Yes, just over a decade or so ago, providing world-class customer service meant running a world-class call center.  Then the evolution began.  Voice was no longer the only accessible channel for your customer.  It became email, then chat and then messaging.  As these new channels of communication came about, CALL CENTERS became CONTACT CENTERS.

Fast forward to today.  Your customer wants to interact with you through multiple different channels – email, chat, IM, Twitter, Facebook, text, SMS, video chat, in addition to a call.  And they want to do so from a variety of mobile devices –including different types of phones, tablets or laptops.

They don’t only want to communicate with you using multiple devices through multiple channels.  They are DEMANDING a seamless experience across channels and across devices.

These are the things driving the CUSTOMER ENGAGEMENT CENTER that businesses are building today.

Three Critical Steps to Seamless Customer Experiences

As customers begin to embrace the evolving concepts of omni-channel experiences in a Customer Engagement center, it really does go back to the basics. From my experience, these are the primary components driving a seamless customer experience:


It does indeed begin with the customer and end with the customer.  Businesses have to recognize the voice of their customer. This means getting to the core of how customers want to interact with you.

Start with understanding the composition of your customer base and its preferred way of communication. This process should typically include an analysis of your current customer base and your target customer base in 5 years.

Next, layer in external and internal data around your customer to help create meaningful customer profiles. This will help to predict how your customers might evolve in the next 2/3/5 years.

For example, according to the CBI/Pearson Education and Skills Survey 2013, over 70 percent of students today in the U.S. choose a mobile device as their preferred device for communication.  Students prefer chat, text or email over voice for a communication channel.  An education-based business should take their customer base information and consider the above as they begin to create an omni-channel strategy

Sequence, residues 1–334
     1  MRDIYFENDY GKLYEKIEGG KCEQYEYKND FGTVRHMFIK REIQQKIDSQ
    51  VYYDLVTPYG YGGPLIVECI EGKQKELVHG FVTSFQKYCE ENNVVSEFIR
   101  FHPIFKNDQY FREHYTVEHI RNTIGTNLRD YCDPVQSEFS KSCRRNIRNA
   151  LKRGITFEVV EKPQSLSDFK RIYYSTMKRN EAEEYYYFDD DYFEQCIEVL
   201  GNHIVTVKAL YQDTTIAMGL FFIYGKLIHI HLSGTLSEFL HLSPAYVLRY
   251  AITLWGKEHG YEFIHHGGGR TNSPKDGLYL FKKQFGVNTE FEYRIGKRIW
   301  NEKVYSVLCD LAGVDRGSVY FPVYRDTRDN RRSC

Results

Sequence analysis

Other current trends are insurance companies gearing toward more mobile interactions, while online retailers expect more social interactions than most other industries.  The manufacturing industry still has a need for customers to have deep technical conversations, so voice is still king in these highly detailed technical areas in the engagement center.


Meeting customer expectations for an Engagement Center means analyzing and considering a combination of several business drivers:

Create one-source-of-truth solutions – To provide homogenous experiences across business units, across regions and across channels, agents in the Customer Engagement Center must have the ability to share customer data and record customer transactions across channels.  For a lot of businesses, this is step one in the journey toward a Customer Engagement Center.

People investments – As contact center solutions evolve, the workforce behind the new engagement center is the force driving this change.  Agents, supervisors, managers and directors now need to learn and understand new customer expectations as they handle emails and social collaboration sessions.  Responses that are acceptable in one channel may not be acceptable in the other.  Preparation of the workforce is a key driver of success when it comes to customer engagement centers.  Do not discount it as you work on our omni-channel strategy.

Find your pace of adoption – Understanding how your business will adopt to newer technologies is key.  Some organizations are fairly nimble and may be able to support three new channels – i.e. adding chat, email and social collaboration to voice – while others might not.  Businesses have limits and bounds to how quickly they can adapt to newer channels, and how intact the customer experience stays as we layer on new channels.  As part of creating a strategy for omni-channel, the optimal pace of adoption should be analyzed.  There must be a clearly defined approach around adoption strategies.


Armed with all the information, here we have arrived at that final step: THE OMNI-CHANNEL STRATEGY. The strategy must include the following:

Long-term roadmap – Aligning with the vision of the company, this long-term roadmap should include an end state customer experience statement.  This should typically span 1-3 years.  It should contain a high level prioritized list of business objectives/channels/devices/collaboration and CRM technology solutions based on the analysis above.  It should be optimized based on the trends and evolution of technologies in the customer collaboration space.

Short-term roadmap – This should cover a period of 3-12 months.  The short-term roadmap should typically include the addition of the channels with the most impact on the customer experience.  It should also be succinct and achievable.

With our business consultants and deep domain expertise across customer collaboration areas, CDW can assist with the creation of your roadmap to an omni-channel experience.

Layering our technical expertise around the Cisco Collaboration Suite of products and eGain suite of products, we can take your roadmap and make it a reality for your business.